Pope's latest remarks get nods — but he's no LGBTQ ally

Some downplay Francis's remarks, saying he has catching up to do when it comes to transgender issues particularly

Published May 21, 2018 6:52PM (EDT)

Pope Francis (AP/Alessandra Tarantino)
Pope Francis (AP/Alessandra Tarantino)

Following Pope Francis’s meeting last week with 34 Chilean bishops — many of whom have been accused or suspected of covering up instances of clerical sexual abuse in their country and all of whom have offered to resign — a survivor who met with Francis recently has shared details of his encounter with the pontiff.

"He told me, 'Juan Carlos, the fact that you’re gay doesn’t matter. God made you like that, and he loves you like that, and I don’t care,'" Juan Carlos Cruz told Spanish newspaper El Pais, recalling his nearly three-hour conversation with the pontiff. He said the Pope made the comments when they met for a private discussion last month to discuss the sexual abuse and cover-up scandal involving clergy members in Cruz's native Chile.

Cruz, who was sexually assaulted as a child by the Rev. Fernando Karadima, Chile's disgraced pedophile priest who was found guilty of abusing young boys in Santiago in the 1970s and 1980s in a 2011 Vatican investigation, told the paper that his sexual orientation came up during the conversation. Specifically, Cruz has been targeted for being gay, and experienced painful personal attacks after speaking out about his abuse.

"They had told [Francis] that I was practically a pervert. I explained that I’m not the reincarnation of San Luis Gonzaga, but I am not a bad person, I try to not harm anyone," Cruz told El Pais.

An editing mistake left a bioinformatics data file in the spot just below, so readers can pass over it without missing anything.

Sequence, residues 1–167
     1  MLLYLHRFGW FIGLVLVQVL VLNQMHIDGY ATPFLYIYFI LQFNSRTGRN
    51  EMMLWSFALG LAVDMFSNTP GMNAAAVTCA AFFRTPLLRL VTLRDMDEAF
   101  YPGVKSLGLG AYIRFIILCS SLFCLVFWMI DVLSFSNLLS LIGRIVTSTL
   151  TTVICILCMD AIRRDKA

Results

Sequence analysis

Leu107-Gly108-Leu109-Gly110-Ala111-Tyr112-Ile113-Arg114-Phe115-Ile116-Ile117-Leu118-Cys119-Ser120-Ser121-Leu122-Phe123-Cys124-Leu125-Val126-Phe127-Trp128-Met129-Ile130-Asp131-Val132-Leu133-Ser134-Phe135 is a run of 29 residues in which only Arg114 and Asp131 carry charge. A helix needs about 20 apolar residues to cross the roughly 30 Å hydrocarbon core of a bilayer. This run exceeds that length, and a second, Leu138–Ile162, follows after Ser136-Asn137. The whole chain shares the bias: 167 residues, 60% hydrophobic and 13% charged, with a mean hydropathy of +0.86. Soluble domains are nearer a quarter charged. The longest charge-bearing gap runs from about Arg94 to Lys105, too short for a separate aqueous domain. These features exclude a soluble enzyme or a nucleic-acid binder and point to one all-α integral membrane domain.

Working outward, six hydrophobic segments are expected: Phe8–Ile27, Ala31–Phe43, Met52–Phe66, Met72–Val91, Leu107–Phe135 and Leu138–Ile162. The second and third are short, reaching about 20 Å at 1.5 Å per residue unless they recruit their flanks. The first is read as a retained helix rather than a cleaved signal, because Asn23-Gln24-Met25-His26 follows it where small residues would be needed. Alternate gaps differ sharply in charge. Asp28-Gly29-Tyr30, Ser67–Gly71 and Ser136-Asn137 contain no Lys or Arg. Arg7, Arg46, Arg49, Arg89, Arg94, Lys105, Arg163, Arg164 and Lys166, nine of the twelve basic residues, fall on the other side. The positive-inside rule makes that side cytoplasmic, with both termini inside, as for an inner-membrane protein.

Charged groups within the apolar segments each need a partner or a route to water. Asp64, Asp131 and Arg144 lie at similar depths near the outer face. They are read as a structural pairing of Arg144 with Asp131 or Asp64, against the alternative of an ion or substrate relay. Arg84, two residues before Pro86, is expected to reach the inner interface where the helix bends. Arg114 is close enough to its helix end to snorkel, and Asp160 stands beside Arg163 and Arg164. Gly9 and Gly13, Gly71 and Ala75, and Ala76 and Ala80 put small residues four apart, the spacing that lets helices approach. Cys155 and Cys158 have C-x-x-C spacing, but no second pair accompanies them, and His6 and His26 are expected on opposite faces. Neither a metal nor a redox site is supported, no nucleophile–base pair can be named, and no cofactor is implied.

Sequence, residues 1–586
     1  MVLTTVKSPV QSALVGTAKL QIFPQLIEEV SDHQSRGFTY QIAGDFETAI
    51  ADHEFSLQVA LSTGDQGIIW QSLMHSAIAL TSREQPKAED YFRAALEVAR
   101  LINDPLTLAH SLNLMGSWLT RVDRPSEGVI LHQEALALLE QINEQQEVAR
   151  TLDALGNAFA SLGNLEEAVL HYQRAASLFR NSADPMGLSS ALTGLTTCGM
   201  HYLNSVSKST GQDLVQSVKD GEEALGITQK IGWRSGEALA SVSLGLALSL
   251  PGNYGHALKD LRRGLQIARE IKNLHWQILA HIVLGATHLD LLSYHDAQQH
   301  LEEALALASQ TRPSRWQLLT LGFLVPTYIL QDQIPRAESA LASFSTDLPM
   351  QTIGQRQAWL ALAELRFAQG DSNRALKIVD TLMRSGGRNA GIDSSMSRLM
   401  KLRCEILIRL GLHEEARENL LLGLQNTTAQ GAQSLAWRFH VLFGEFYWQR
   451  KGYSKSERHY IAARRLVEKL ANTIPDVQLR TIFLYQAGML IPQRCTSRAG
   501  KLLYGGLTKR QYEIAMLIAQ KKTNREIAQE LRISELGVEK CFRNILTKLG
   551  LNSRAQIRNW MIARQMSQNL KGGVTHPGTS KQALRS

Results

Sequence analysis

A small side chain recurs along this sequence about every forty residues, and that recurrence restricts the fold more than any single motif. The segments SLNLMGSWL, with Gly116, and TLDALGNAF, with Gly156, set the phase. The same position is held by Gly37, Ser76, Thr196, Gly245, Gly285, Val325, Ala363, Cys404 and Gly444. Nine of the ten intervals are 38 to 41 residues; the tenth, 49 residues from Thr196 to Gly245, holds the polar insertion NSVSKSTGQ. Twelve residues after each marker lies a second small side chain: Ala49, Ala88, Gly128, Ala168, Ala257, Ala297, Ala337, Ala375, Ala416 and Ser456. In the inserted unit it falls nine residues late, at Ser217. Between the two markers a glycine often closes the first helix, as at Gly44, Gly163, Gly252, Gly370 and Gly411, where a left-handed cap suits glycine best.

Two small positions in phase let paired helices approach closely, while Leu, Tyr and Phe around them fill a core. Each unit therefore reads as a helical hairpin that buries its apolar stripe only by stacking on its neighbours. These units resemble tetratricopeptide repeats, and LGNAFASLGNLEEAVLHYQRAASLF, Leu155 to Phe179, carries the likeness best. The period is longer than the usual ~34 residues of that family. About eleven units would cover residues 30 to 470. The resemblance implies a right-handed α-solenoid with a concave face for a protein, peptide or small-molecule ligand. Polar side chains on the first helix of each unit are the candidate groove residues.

A representative at the Vatican declined to confirm or deny the remarks, telling The Los Angeles Times, "We don’t normally comment on the pope’s private conversations."

Official church teaching calls for acceptance and respect of lesbian, bisexual and gay people, but considers homosexual activity "intrinsically disordered." Francis, though, has attempted to make the church more welcoming to the community, most notably with his 2013 remark, "If someone is gay and searches for the Lord and has good will, who am I to judge?" Later that year, he suggested in an interview that God does not "reject and condemn" gay people.

While the Pope's recent comments have been praised by some in the LGBTQ community as another indication of his vision of inclusion in the Catholic Church, some have sought to downplay the significance of the remarks as merely being in line with his pastoral practice and believe he has a lot of catching up to do on transgender issues.

"While it's a good comment, it really doesn't change the church's teachings," Francis DeBernardo, executive director of New Ways Ministry, an LGBTQ-affirming Catholic advocacy organization, told Salon. "What it does show is that he is much more pastorally inclined about LGBT issues than his predecessors have been, meaning that he's willing to dialogue and listen and learn from LGBT people."

He also said he doesn't think the Pope "has a good handle of the science of transgender issues and gender identity."

"He has this blind spot about what transgender reality really is," DeBernardo added. "He seems to have a problem with with this belief, that he has, that people are educating children to believe that they have a choice about their gender, and that's that's just not true. That's not that's not how transgender identity works. Transgender people report that they discovered their their true gender identity, not that they have chosen their true gender identity."